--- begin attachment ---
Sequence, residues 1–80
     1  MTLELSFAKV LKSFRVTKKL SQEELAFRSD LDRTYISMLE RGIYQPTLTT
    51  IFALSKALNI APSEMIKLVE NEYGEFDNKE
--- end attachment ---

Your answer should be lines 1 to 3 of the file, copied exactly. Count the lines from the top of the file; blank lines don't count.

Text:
Sequence, residues 1–80
     1  MTLELSFAKV LKSFRVTKKL SQEELAFRSD LDRTYISMLE RGIYQPTLTT
    51  IFALSKALNI APSEMIKLVE NEYGEFDNKE